U.S. Lawmakers Probe Exchange Security in Wake of Nasdaq Breach
U.S. House Republicans are seeking information on computer-network security from regulators and executives from 10 exchanges and clearinghouses amid claims of possible computer hacking into a Nasdaq OMX Group Inc. website.
“The world must have confidence in the technological security of our financial markets,” Representatives Spencer Bachus of Alabama and Scott Garrett of New Jersey said in the letter dated today.
Bachus, the chairman of the House Financial Services Committee, and Garrett, who leads the panel’s capital markets subcommittee, asked recipients to describe -- without divulging specific information about their own networks -- what they’re doing “to ensure the ongoing integrity and security of exchange trading systems and clearinghouses.” The lawmakers asked that responses be delivered by Feb. 28.
Nasdaq OMX, the second-largest U.S. exchange operator by market value, said in a Feb. 5 statement that it discovered suspicious files in its web-based Directors Desk application and “immediately conducted an investigation, which included outside forensic firms and U.S. law enforcement.”
None of Nasdaq OMX’s trading platforms were “compromised” by the files, the New York-based company said.
Bachus and Garrett sent copies of the letter to Nasdaq OMX Chief Executive Officer Robert Greifeld, as well as Terrence Duffy, the executive chairman of CME Group Inc., and William Brodsky, the CEO of the Chicago Board Options Exchange Inc. The letter also was addressed to CEO Duncan Niederauer of NYSE Euronext, the largest U.S. exchange operator, and six other executives.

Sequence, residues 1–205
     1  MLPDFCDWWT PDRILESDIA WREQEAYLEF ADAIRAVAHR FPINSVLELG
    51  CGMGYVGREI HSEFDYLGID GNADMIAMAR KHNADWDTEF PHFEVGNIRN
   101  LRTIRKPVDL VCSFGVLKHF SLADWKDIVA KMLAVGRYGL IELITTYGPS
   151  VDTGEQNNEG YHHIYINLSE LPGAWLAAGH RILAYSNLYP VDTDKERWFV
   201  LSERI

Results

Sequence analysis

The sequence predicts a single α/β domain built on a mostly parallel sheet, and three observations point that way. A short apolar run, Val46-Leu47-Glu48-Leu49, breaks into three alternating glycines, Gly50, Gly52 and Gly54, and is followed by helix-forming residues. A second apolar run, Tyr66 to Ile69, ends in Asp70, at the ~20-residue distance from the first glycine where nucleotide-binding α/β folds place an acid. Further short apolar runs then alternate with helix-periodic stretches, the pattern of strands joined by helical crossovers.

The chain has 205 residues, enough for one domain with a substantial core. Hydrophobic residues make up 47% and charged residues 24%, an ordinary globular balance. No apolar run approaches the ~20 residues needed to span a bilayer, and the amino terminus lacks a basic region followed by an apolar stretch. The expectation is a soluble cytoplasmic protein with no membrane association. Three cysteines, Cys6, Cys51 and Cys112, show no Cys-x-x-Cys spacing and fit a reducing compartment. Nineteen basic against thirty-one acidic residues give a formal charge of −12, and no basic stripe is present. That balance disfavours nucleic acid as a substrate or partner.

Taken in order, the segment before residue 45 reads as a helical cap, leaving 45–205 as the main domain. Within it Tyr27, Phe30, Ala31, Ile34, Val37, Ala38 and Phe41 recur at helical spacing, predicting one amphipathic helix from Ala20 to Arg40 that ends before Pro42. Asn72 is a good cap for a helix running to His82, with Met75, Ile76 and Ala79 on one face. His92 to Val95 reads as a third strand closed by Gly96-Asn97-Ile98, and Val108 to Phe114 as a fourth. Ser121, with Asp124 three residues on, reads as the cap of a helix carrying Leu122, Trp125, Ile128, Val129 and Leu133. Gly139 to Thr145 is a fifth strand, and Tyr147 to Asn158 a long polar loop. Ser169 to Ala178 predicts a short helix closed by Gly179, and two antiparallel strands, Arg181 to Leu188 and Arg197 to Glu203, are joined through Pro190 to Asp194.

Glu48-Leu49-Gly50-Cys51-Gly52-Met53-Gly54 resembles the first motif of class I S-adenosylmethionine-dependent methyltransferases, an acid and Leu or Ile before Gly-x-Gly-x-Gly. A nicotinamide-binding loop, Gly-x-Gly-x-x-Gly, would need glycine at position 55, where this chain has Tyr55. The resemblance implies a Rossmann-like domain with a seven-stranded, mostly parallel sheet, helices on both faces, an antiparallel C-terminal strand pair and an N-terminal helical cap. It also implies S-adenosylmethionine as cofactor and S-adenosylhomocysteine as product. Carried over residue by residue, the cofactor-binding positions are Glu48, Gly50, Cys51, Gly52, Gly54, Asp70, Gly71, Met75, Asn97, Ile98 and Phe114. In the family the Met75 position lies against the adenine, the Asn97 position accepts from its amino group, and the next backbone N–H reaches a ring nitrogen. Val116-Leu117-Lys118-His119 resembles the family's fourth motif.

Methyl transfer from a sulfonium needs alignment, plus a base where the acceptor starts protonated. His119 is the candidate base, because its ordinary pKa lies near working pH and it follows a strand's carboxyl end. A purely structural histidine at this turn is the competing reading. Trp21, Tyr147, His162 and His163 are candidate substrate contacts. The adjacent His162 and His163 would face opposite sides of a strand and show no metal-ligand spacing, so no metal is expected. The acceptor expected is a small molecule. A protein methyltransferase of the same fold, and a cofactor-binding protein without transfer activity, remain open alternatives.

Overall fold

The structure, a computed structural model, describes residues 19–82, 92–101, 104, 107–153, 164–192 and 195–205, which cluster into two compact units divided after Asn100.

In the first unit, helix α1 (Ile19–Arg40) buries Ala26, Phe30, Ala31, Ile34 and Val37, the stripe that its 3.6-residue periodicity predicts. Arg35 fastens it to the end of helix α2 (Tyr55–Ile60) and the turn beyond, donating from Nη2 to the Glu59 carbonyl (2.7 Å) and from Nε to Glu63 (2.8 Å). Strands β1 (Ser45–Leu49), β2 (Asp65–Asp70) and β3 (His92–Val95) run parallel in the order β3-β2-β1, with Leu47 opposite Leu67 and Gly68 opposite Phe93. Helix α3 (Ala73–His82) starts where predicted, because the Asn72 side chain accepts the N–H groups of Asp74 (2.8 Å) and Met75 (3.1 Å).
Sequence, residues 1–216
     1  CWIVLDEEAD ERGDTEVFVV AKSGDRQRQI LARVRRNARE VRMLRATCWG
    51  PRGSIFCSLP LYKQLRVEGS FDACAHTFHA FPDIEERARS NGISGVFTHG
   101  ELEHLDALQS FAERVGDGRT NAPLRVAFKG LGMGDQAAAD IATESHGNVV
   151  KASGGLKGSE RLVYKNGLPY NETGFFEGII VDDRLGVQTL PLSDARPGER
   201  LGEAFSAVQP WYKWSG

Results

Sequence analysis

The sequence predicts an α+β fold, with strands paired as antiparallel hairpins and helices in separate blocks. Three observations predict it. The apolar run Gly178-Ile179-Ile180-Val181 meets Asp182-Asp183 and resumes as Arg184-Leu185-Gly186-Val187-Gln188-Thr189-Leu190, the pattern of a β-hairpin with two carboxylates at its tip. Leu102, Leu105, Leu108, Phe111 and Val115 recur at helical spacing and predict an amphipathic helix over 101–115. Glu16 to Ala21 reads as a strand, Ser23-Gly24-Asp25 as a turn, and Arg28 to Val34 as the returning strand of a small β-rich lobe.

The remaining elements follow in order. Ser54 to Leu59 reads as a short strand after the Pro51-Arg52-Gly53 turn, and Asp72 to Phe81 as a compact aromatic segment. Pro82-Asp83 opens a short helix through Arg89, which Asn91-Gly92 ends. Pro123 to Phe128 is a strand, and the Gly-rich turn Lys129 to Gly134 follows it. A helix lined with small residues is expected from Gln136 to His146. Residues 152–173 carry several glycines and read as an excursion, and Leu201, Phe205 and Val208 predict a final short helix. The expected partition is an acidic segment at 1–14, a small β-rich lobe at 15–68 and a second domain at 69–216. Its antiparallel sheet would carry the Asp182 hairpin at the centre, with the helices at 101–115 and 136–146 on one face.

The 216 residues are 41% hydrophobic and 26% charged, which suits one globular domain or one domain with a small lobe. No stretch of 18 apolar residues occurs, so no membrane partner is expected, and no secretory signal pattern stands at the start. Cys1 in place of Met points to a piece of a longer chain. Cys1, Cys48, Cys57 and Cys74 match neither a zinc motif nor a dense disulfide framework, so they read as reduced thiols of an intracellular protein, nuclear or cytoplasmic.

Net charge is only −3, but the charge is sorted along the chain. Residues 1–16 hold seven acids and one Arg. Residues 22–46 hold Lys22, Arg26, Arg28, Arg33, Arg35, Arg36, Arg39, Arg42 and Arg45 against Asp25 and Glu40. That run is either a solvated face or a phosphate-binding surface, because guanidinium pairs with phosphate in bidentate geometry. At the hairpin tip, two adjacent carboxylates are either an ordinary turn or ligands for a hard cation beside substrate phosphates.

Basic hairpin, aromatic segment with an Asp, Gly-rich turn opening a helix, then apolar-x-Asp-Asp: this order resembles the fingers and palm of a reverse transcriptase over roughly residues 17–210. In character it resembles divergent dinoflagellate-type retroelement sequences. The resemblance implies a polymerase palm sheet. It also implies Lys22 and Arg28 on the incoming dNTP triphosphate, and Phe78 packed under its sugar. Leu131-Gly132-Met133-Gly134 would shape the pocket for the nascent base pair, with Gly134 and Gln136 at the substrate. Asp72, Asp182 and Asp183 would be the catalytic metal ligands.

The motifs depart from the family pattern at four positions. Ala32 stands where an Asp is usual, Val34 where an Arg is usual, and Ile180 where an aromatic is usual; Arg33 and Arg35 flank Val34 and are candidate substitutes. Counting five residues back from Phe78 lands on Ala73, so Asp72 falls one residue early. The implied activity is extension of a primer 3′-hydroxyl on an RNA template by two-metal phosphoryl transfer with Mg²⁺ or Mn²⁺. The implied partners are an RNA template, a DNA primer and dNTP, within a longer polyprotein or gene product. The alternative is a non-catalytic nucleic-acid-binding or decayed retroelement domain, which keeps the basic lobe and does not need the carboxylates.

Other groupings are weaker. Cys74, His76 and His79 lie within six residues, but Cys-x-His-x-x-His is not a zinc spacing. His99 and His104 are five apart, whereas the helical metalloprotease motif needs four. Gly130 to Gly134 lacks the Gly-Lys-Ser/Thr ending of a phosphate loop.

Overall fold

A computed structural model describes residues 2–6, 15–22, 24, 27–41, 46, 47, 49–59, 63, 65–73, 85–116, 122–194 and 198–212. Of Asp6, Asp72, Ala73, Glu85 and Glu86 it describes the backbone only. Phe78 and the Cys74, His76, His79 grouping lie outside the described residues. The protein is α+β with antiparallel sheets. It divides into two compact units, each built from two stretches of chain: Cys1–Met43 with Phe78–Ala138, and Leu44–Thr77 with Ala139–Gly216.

Securities and Exchange Commission Chairman Mary Schapiro and Commodity Futures Trading Commission Chairman Gary Gensler were also asked to provide information.
Nasdaq OMX’s investigation has become a bipartisan issue on Capitol Hill. U.S. Senator Robert Menendez, a New Jersey Democrat, sent a letter to Schapiro yesterday telling her that the “SEC and other government agencies need to step up and address these concerns without delay.”
Menendez, in a letter that was also sent to Attorney General Eric Holder and Homeland Security Secretary Janet Napolitano, said the SEC should “consider investigating the extent to which hacking can disrupt trading platforms.”
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